A BLOODY INQUEST INTO THE MUTILATION CAPITAL OF THE COUNTRY
By Maury Z. Levy
ON SUNDAY THE TURKEY BUZZARDS flew low to the pines. You could hear their wings flapping a few hundred yards away as they swooped down into the garbage that hid in the trees. They are big, lazy birds, the turkey buzzards.
They were not an unusual sight to the people who lived in the dirty white cottages on Oakwood Drive or to the people in the wooden piney shacks on Crescent Avenue. Oakwood is a straight arrow off Route 571, a dead-end turn from the Phillips 66 station. Crescent is a big loop from 571. You pass the shacks first, the ones with the Russian names out front in this strange settlement called Rova Farms, where the people are peasants who live off the land, eating from little vegetable gardens fertilized by the dust of the road that passes a few feet from their doors.
It’s a very insular community that revolves around the big church around the corner on the Cassville-Freehold Road, a stately structure topped with big golden onion domes. Behind the church is a nice clean cemetery where the Russian peasants have buried their dead for almost 100 years.
You can see the tips of the golden onions from the point where Oakwood and Crescent run into each other and end. There are traces of a crude dirt road leading off that intersection into a hole in the woods. It’s a street with no name, a road that’s the width of one car, if you’re crazy enough to try to drive it. It’s murder on your wheels.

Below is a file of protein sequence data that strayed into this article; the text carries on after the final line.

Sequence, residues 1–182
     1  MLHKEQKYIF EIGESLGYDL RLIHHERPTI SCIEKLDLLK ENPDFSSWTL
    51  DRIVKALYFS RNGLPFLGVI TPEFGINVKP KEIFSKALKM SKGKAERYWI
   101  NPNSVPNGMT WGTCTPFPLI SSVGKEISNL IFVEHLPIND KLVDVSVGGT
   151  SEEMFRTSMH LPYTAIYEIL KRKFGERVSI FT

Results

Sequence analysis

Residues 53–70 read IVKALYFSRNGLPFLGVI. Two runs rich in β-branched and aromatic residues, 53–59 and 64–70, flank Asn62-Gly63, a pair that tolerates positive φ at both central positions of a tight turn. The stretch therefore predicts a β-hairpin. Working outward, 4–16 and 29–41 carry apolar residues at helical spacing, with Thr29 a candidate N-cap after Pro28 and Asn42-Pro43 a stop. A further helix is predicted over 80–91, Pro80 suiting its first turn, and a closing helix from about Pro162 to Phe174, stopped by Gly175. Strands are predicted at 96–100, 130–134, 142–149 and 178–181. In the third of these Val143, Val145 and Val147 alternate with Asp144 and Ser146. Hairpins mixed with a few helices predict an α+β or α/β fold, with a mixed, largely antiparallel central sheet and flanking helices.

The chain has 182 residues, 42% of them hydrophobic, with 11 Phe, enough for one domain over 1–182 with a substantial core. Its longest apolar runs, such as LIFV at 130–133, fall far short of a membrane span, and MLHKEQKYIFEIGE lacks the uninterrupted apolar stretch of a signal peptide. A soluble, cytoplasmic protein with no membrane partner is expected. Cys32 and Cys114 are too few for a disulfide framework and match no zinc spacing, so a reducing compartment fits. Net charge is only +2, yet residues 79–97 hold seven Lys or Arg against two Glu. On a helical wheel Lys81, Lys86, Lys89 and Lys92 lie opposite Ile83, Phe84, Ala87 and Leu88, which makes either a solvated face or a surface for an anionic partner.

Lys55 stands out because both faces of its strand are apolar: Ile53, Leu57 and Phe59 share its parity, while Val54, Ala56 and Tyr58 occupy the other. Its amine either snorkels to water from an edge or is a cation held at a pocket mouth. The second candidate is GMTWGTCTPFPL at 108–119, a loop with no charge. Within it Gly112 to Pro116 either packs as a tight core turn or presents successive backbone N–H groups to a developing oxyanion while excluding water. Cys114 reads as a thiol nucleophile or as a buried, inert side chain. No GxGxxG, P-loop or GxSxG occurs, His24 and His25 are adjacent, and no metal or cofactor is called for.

You curve past old beer cans and rubbish and you wind around the giant worn-out truck tires to the blond wood Emerson television set with the busted picture tube that sits two blocks back in the middle of the road that goes nowhere. Dead end.
These woods have been the dumping ground for a lot of things. The trees are very tall and very thick. So most people didn’t give a second thought to the turkey buzzards. Maybe an early season hunter had left his prey to rot or maybe there was something edible in the roadside trash.
But by Wednesday in what had been a very hot and humid week, things began to get a little strange. The humidity put a heavy lock on the air and a terrible smell started coming from the woods. The radio dispatch room in the Jackson Township police station got a couple calls about it. They sent a man out in a car. He drove up Crescent and down Oakwood. He smelled it too.
ON SATURDAY Steve Soltys brought the family down from Jersey City. Soltys finished work at 5:00 and came home and changed to get the blood off his clothes. He and Helene put the two kids and the dog in the car and drove to their summer cottage on Oakwood Drive, about eight miles west of Lakewood and a short holler from Toms River, the Ocean County seat.
While the family unpacked, Soltys let the collie out. But Yukee started charging through the woods after rabbits. Steve Soltys, 34, had to run out and get him. He got close enough to see the dog had something in his mouth. It wasn’t a rabbit. He came up closer and it looked like an arm, it had fingers and everything. First he thought it was part of a doll. And then he saw the fingernails. They were long and well-manicured and were covered with very bright red polish. It was a human arm. Read the rest of this entry »